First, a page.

EPISODE 29 | 30 MINS
Redefining Water Infrastructure
WITH LAURIE A. WAYBURN
Forests and Our Water Supply
IN THIS EPISODE
[02:19] Introduction of Laurie A. Wayburn.
[02:39] Laurie shares when she realized forest and natural-resource conservation would be her life’s work.
[04:28] Laurie elaborates on what she means by “wealth” in her quote, “Nature is central to our emotional, physical, and spiritual wealth and well-being…Nature is where our wealth comes from.”
[06:23] Laurie describes the Pacific Forest Trust and what their mission is.
[08:35] Laurie shares the extent of the drought and water crisis western states are facing and if there is a connection between the drought and frequent wildfires.
[12:12] Laurie confirms the accurate description of California’s water availability and population.
[12:29] Are there regional inequities in terms of accessing available fresh water sources in California, and are there really water wars happening in the West?
[14:25] What are the challenges in California of preserving the relationship with those with the water supply? What is being done to preserve that relationship?
[17:17] Laurie explains what could be done for the landowners in order to compensate them in a way that would preserve the water supply.
[20:34] Laurie addresses the EPA’s waters of the United States rule of which water bodies, including wetlands, need to be protected.
[23:17] Why is the concept of a water fee or tax—which could accumulate into a very large fund—so controversial?
[27:22] Laurie shares where people can learn more about her work.
[28:03] Laurie shares one change that would lead to smarter, more sustainable, and more equitable communities.
[28:22] Laurie describes the action listeners can take to help build a more equitable and sustainable future.
[28:36] Laurie explains what the forests in California look like 30 years from now.
Laurie A. Wayburn is the Co-founder, Co-CEO and President of the Pacific Forest Trust. Ms. Wayburn is an accomplished forest and conservation innovator who advises policymakers at the state, regional, national, and international levels. She pioneers new approaches to develop sustainable resource economies using her deep experience in the fields of conservation, ecosystem services, and sustainability. A preeminent authority on the climate and ecosystem benefits of forests, she leads efforts enacting climate change policies that unite conservation and sustainable management with market-based approaches. She has received several highly prestigious honors bestowed for her leadership and is a frequent speaker, writer, and media commentator on working forest conservation.
Prior to co-founding Pacific Forest Trust with Constance Best in 1993, Ms. Wayburn worked internationally for 10 years in the United Nations Environment Program and Ecological Sciences Division of UNESCO. She later served as Executive Director of the Point Reyes Bird Observatory and was the Founder and first Coordinator of the Central California Coast Biosphere Reserve. Ms. Wayburn is a graduate of Harvard University and currently serves on the Northwest BioCarbon Initiative Steering Committee, the American Forest Policy Steering Committee, and the Land Trust Alliance Advisory Council.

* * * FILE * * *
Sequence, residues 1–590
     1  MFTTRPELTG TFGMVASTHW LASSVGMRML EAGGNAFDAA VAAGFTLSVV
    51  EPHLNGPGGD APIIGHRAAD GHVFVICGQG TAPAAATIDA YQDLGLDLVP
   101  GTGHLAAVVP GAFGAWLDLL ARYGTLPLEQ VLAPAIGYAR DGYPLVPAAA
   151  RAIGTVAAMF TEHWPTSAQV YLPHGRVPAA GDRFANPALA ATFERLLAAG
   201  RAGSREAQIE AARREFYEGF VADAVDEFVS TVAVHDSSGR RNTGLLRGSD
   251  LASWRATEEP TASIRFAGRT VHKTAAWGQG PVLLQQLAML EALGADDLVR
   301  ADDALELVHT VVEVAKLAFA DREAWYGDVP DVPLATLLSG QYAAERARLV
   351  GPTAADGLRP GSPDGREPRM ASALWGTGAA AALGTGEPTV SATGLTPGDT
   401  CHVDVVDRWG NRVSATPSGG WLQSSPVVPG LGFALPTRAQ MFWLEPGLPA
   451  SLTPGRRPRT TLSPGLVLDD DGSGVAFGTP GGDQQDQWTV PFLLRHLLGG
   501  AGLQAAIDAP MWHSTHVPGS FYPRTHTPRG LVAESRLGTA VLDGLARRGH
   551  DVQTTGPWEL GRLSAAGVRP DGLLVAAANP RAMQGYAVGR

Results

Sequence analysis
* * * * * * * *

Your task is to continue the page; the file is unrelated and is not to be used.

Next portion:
The mission of the Pacific Forest Trust is to sustain America’s forests for their public benefits of wood, water, wildlife, and people’s well-being, in cooperation with landowners and communities.
For more than 20 years, Pacific Forest Trust has epitomized innovation, daring, and a savvy understanding of market forces to create new economic incentives that reward private forest owners for conserving their lands and practicing sustainable forestry.
They are a visionary think-and-do tank of scientists, conservationists, policy wonks, entrepreneurs, and outdoor enthusiasts that have helped shape forest conservation and climate policy. Working closely with other forest stakeholders, from landowners to agencies to environmental nonprofit partners, they create and advance high-leverage, catalytic strategies that engage the commitment, imagination, and resources of many individuals, businesses, and organizations to make it easier and more rewarding to do good things for the forests—and forest landowners—on which we all depend.
The only conservation organization focused on private forests in California, Oregon, and Washington, they have conserved 250,000 acres of vital forestland regionally. Their work has been recognized for its excellence by government agencies, philanthropies, and non-profit organizations.
“It is both scientifically and empirically shown that being in forests makes you feel better. And it does; it really does raise the body’s own ability to fight infection and disease.”
“Our [Pacific Forest Trust] big mission is to sustain America’s forests for all their public benefits of wood, water, wildlife, and well-being, in cooperation with landowners, managers, and communities.”
“…We [Pacific Forest Trust] said, well, gosh, is there a way we can marry how people earn money, with stewardship and protecting the public benefits of those forests; and so we really wanted to create an organization that pioneered and developed new sources of financial return for landowners who managed for the public benefit and stewarded and protected their forests.”
“Twenty-five thousand, fifteen thousand years ago we had about double the rainfall in California that we have today in Southern California. A significant drying trend has been rapidly accelerated with the rise of global warming and the increase in these global-warming gasses.”
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